Slowly, A Consensus Emerges To Oppose The Security State

Do you think local police departments using drones, military weapons and armored vehicles are necessary for law enforcement purposes, or are they going too far?

• Necessary ............................................ 37%
• Going too far........................................ 58%
• DK/Refused ............................................ 5%

This seems consistent with other polling data showing that the public is finally turning on issues like marijuana legalization and mass incarceration. (Public support for the death penalty remains pretty high, but I have some theories on why that might be.)

In my book, I talk about how police militarization has flourished in part because while partisans on the left and right have been quick to denounce heavy-handed tactics when used against people with whom they sympathize or to enforce laws that they oppose, they've been somewhere between silent and gleeful when such tactics are used against their political opponents. But that too is changing. The reaction to the book has been encouraging, from across the political spectrum.

More broadly, I think there's an increasing pan-ideological realization that the creeping surveillance/security/military state is starting to tread on the values and principles that are critical to a free society. And more encouraging yet, a willingness to speak up when government violates the rights of one's political opponents.

There were a couple more examples this week. First up is Kevin Williamson, writing at National Review Online:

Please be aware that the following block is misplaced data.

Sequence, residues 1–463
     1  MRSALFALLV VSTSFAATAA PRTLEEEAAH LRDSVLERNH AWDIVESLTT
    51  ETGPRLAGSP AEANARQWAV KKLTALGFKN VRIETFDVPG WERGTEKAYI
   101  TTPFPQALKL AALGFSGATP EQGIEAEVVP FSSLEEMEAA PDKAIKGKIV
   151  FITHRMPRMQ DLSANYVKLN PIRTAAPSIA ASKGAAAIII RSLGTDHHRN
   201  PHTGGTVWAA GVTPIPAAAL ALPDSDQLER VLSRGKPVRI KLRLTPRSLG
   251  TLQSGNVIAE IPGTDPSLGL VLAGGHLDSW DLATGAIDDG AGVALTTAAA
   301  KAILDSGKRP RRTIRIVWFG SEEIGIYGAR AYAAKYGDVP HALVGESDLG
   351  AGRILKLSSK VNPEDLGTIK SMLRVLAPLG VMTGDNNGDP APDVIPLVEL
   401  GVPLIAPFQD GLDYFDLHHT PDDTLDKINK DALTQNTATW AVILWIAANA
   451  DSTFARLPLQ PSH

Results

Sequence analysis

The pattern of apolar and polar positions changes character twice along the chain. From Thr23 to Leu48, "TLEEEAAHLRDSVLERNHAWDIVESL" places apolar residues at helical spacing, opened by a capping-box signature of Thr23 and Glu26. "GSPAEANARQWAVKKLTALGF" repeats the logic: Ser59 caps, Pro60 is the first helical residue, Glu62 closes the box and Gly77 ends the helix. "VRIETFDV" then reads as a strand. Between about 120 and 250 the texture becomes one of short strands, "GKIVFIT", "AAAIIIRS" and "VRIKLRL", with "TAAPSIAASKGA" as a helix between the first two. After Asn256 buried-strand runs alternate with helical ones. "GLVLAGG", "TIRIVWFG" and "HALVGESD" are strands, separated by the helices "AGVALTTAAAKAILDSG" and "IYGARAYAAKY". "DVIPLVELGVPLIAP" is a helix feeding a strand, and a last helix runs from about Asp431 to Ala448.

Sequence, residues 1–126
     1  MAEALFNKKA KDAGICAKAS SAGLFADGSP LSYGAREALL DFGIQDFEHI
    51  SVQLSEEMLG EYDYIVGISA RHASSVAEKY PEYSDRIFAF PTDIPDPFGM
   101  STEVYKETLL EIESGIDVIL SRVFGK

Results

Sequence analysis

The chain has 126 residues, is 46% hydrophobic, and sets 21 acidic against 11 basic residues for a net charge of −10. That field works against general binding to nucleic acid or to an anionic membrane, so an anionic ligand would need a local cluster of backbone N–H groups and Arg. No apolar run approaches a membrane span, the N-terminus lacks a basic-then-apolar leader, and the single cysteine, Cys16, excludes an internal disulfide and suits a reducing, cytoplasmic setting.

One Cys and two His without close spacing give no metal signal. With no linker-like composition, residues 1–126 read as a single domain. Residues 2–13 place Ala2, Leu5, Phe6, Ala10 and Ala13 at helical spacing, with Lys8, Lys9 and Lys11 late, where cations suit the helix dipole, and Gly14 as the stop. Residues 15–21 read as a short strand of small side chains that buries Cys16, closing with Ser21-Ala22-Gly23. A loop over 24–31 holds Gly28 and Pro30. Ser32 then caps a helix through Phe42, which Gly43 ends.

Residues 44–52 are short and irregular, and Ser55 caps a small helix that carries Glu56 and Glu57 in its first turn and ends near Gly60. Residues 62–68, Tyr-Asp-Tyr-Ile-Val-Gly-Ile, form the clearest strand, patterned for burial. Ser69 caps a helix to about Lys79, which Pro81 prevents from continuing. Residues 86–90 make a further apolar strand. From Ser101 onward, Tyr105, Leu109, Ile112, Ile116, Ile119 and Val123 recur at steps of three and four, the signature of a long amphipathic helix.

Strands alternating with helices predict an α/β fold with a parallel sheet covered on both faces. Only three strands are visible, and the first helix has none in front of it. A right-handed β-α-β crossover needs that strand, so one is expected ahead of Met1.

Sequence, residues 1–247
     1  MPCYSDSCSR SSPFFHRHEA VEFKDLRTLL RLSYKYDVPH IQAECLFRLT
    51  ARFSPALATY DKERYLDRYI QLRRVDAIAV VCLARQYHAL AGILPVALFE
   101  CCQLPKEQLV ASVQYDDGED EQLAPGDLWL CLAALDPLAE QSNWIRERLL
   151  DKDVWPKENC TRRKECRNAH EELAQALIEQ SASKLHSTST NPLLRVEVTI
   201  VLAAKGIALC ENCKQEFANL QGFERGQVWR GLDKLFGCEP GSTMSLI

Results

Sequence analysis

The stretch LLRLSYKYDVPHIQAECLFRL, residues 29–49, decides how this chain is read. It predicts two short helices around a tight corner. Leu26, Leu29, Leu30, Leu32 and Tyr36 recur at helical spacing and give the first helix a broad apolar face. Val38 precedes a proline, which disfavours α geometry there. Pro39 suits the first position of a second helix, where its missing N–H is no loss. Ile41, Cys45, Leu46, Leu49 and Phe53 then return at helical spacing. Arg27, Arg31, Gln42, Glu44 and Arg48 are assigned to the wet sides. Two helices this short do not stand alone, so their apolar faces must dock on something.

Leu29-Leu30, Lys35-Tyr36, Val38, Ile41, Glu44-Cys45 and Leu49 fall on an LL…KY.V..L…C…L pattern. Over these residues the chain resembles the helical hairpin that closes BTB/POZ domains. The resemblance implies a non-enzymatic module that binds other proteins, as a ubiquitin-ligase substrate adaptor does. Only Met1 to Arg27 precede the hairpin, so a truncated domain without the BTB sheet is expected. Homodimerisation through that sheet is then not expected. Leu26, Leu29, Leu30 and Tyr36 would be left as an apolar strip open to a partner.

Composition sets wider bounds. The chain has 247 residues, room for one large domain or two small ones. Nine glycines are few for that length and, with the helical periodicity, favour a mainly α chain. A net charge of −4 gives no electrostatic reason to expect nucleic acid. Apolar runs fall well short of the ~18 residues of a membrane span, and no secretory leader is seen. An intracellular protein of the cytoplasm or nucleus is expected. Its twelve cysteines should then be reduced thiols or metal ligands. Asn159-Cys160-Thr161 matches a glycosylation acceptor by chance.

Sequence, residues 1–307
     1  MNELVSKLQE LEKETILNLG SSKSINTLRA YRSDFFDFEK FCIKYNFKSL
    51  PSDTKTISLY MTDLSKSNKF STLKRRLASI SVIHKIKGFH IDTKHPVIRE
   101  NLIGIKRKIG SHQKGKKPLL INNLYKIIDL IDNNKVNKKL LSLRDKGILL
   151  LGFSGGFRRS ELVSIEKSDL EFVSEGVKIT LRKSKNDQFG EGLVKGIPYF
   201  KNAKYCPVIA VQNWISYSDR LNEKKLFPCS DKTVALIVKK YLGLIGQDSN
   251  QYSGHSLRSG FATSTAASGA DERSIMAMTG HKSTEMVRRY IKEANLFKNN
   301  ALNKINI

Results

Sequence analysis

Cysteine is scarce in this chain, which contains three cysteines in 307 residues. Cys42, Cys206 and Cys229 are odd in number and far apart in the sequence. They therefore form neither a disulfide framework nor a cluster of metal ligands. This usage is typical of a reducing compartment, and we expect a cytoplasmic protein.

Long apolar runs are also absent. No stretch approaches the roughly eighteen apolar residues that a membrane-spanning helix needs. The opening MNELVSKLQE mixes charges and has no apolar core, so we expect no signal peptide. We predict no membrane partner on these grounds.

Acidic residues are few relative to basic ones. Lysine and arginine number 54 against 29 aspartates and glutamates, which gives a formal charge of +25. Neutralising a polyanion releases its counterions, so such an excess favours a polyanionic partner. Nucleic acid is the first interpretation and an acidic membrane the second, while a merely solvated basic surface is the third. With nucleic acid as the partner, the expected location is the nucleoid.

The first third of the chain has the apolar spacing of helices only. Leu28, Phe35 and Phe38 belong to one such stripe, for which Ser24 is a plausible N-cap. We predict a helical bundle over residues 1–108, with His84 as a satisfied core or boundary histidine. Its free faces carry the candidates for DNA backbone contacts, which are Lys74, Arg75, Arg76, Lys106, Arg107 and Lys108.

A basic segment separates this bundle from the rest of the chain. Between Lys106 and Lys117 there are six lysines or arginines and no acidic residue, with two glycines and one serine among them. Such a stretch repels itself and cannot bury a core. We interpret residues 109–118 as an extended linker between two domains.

Our relationship with the national-security and public-safety bureaucracies has changed. It used to be that you called the fireman to get your cat out of a tree; now the policeman shoots your dog. We have police rolling through the streets of such combat zones as Lubbock, Texas, in armored vehicles, wearing camouflage uniforms to help them blend into the honeysuckle bushes and crepe myrtle . . .

Things are bad on the police front, but they’re even worse on the national-security front. There has always been a tacit understanding that organizations such as the CIA are inescapably in the moral-compromises business, and that they would occasionally do things that were unsanctioned. In a perverse sense, the whole point of the CIA is to sanction the unsanctioned — we create a limited license while keeping those necessary acts of coloring outside the lines contained in an intelligence community that could be counted upon for its discretion, professionalism, and competence. We created a monster, probably a necessary monster, and put it on a leash. That leash was not a body of laws so much as a tradition of good judgment: When the lines of demarcation are murky, we must perforce place our trust in the judgment of men rather than in codes and statutes. The assumption was that they were good men who were good at what they did . . .

Today the police, military, and intelligence worlds are closely interconnected. And they are, collectively, a menace. The Soviet Union was a much more credible geopolitical threat than Islam-in-arms will ever be, but during the Cold War, we met allegations that Americans were working with Communist insurgents — and some of them were — with hearings, investigations, and trials. We did not assassinate them. But between the so-called wars on drugs and terror, we have let that monster off the leash, or at least given it a leash so long as to be practically useless.